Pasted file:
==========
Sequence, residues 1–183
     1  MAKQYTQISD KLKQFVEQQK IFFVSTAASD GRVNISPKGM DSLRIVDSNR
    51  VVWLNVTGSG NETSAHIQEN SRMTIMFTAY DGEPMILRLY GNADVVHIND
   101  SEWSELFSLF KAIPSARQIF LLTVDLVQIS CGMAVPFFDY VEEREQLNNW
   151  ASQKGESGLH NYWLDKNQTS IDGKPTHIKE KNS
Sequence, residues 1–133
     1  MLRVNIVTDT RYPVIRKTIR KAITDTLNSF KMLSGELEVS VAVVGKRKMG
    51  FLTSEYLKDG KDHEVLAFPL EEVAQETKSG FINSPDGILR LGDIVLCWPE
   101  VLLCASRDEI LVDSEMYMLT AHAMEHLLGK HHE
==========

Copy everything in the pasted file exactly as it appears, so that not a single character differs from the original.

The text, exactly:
Sequence, residues 1–183
     1  MAKQYTQISD KLKQFVEQQK IFFVSTAASD GRVNISPKGM DSLRIVDSNR
    51  VVWLNVTGSG NETSAHIQEN SRMTIMFTAY DGEPMILRLY GNADVVHIND
   101  SEWSELFSLF KAIPSARQIF LLTVDLVQIS CGMAVPFFDY VEEREQLNNW
   151  ASQKGESGLH NYWLDKNQTS IDGKPTHIKE KNS
Sequence, residues 1–133
     1  MLRVNIVTDT RYPVIRKTIR KAITDTLNSF KMLSGELEVS VAVVGKRKMG
    51  FLTSEYLKDG KDHEVLAFPL EEVAQETKSG FINSPDGILR LGDIVLCWPE
   101  VLLCASRDEI LVDSEMYMLT AHAMEHLLGK HHE